Canada's Logistics and Support Vehicle Projects

Contributor:  Christopher Dauer
Posted:  03/22/2012  12:00:00 AM EDT
Rate this Article: (4.8 Stars | 34 Votes)

There are a multitude of challenges of overseeing a large and diverse tactical fleet, not least of which is sharing the stages of numerous projects to relevant partners within the defense community as well as industry.

In Canada, those challenges fall in part to Lieutenant - Colonel Tim Hall, Project Director, Tactical Support Vehicle System (TSVS), National Defence.

Lieutenant - Colonel Hall noted that he is currently responsible for three projects, each in different states of project life:

1.    Medium Support Vehicle System (MSVS) Project, which is in four pieces as follows:

    a.    MilCOTS - virtually complete, contract awarded in 2009 for 800 x 8 Tonne trucks purchased from Navistar Defence and an additional 500 options subsequently exercised. The last 145 or so vehicles are being fielded over the next few months. This fleet is designed primarily for training, training support, domestic operations and employment by the Reserves.

    b.    Baseline Shelter - contract awarded in 2009 to DEW Engineering for the acquisition of 895 x shelters in six variants.  Final Design Acceptance (FDA) anticipated shortly.

    c.    SEV (Baseline Shelter) kitting - the Request for proposal (RFP) closed 03 Feb 2012 for the kitting of 792 of these shelters into 29 configurations.  Contract award anticipated later this summer.

    d.    Standard Military Pattern Vehicle. The RFP for this portion of the Project is active and will close the end of April 2012. It details the acquisition of up to 1500 SMP (8 tonne mandatory payload), with up to 150 Armour Protection Systems and up to 302 Trailers.  Contract award anticipated in January 2013.

 2.    Logistics Vehicle Modernization. This Project will modernize those elements of the field force's 'B' vehicle fleet not addressed by MSVS. Current fleets whose capability will be renewed include the Light Support Vehicle, Wheeled (the LSVW, based on the IVECO 20.10 WM, which entered service in 1993) and associated vehicle Shelters, the Heavy Logistics Vehicle, Wheeled (the HLVW, based on the Steyr 1491, which was fielded in 1992), and the Heavy Engineering Support Vehicle (a MilCOTS fleet based on the Western Star M4866S, entered service in 1996/97). Priority of effort is being given to the replacement of the Light fleet, which will be known as the Combat Logistics Support Vehicle (CLSV).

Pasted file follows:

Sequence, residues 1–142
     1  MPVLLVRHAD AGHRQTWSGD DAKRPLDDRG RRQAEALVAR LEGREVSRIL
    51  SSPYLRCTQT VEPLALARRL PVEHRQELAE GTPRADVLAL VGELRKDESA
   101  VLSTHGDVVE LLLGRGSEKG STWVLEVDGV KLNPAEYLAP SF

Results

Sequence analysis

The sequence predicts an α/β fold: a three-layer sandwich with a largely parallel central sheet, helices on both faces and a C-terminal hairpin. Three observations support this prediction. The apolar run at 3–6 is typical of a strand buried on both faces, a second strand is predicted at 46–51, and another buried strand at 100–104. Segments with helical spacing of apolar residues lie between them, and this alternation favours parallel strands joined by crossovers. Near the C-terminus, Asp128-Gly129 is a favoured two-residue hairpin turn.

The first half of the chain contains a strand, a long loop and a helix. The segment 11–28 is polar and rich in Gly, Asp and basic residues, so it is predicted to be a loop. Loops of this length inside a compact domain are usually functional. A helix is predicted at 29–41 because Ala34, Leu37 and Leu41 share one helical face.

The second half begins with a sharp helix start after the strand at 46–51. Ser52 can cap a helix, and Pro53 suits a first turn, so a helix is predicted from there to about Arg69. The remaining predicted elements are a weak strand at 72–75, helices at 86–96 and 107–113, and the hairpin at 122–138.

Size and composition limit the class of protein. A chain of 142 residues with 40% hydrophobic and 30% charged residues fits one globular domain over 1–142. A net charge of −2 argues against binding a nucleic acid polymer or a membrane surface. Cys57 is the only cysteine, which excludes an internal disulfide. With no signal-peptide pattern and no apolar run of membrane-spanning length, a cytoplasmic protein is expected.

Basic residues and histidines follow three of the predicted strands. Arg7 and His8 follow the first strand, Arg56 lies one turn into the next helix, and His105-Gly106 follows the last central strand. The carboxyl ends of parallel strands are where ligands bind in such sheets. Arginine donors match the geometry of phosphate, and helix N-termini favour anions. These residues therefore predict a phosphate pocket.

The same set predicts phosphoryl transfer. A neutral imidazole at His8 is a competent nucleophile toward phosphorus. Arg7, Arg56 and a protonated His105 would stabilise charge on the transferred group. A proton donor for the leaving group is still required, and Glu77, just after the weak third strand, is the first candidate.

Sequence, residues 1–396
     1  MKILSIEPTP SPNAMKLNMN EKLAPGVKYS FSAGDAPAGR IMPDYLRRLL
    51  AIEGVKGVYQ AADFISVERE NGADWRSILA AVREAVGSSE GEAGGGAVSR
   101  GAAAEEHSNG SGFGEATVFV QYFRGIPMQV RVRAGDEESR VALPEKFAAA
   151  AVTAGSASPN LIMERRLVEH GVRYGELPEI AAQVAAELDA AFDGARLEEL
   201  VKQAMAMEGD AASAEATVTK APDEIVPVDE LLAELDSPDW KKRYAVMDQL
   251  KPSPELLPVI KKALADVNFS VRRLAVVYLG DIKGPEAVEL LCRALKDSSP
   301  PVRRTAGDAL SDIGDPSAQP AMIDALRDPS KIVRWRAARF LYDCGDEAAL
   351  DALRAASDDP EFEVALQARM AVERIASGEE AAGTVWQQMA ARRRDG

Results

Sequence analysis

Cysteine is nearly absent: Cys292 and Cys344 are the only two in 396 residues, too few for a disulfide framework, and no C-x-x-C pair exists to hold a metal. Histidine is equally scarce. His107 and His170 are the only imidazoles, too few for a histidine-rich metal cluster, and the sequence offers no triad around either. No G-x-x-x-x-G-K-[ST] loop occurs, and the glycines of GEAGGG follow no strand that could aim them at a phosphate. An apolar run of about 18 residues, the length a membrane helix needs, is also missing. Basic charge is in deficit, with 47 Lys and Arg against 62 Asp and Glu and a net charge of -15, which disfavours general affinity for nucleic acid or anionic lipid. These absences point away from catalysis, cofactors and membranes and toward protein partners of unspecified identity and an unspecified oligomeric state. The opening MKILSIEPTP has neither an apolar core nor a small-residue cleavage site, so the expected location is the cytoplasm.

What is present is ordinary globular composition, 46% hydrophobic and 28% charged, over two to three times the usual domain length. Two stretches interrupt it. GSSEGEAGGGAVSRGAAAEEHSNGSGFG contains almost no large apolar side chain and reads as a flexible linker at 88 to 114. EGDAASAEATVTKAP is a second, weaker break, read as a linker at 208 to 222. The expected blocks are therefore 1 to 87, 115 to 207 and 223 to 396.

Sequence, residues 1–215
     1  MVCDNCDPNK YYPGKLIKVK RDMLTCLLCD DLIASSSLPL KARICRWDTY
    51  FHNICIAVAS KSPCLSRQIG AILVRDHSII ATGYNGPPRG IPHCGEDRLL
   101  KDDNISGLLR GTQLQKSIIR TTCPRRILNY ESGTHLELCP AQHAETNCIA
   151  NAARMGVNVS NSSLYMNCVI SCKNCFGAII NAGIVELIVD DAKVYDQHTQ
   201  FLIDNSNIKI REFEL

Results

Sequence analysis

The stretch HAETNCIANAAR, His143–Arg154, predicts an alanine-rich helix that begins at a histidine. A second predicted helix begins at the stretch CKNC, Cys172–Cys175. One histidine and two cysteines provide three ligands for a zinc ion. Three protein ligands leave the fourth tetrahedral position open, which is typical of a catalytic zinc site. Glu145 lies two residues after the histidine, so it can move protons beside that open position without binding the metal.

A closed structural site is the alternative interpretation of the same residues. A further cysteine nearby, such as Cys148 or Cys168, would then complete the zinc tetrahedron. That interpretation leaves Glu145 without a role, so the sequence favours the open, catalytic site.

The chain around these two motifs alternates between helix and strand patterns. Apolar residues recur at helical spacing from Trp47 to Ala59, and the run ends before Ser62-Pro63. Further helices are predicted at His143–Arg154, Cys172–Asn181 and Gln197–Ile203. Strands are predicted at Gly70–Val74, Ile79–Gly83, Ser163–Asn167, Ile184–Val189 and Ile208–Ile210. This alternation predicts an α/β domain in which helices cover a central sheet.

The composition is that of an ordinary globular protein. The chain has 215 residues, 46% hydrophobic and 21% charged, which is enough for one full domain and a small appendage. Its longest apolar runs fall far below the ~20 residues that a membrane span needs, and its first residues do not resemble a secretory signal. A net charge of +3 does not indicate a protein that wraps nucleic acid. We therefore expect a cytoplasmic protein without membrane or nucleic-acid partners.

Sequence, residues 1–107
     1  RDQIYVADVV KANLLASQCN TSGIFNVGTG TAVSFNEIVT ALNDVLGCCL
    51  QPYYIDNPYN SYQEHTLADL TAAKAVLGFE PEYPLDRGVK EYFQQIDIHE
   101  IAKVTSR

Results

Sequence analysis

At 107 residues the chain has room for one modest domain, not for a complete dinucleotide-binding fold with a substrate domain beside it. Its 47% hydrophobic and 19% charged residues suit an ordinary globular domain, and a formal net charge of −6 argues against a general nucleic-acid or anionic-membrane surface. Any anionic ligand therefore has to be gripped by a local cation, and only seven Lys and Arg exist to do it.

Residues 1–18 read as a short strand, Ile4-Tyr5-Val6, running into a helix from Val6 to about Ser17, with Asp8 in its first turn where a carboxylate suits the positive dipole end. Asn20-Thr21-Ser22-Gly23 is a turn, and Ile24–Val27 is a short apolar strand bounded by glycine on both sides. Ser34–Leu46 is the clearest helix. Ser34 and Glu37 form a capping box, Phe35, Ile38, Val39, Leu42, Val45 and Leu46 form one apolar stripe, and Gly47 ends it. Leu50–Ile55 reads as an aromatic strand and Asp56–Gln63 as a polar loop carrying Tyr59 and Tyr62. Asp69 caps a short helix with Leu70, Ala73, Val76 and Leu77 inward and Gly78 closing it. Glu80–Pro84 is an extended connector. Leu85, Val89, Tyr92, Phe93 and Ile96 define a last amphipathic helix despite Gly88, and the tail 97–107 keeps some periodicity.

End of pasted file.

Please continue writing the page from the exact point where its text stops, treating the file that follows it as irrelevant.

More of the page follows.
3.    Enhanced Recovery Capability. Although not a Project yet, this initiative is taking shape in order to address the present and growing capability gap with respect to recovery operations. “Given the impending contract award of TAPV, CCV, MSVS SMP as well as LAV upgrades, one must recognize that the size and weight of these fleets will overmatch the capacity of the HLVW Wrecker fleet in some instances,” said Lieutenant - Colonel Hall. “Given that, there is a requirement for the Army to define, develop, acquire and field a system to allow the efficient conduct of recovery operations as our new vehicle fleets are distributed to the field force.”

He noted that while “these are truly fascinating projects to work on,” there are “several challenges associated with projects of this scope, as one might expect.”

As Project Director for the Tactical Support Vehicle System section, Lieutenant-Colonel Hall’s responsibilities are to ensure that “the requirements are articulated, developed and validated rigorously, with requisite liaison and consultation, that the courses of action open to us are clearly identified so that informed direction is achieved, and then to work with our colleagues within the procurement system to maintain this path so that that the core requirements are protected throughout the process.”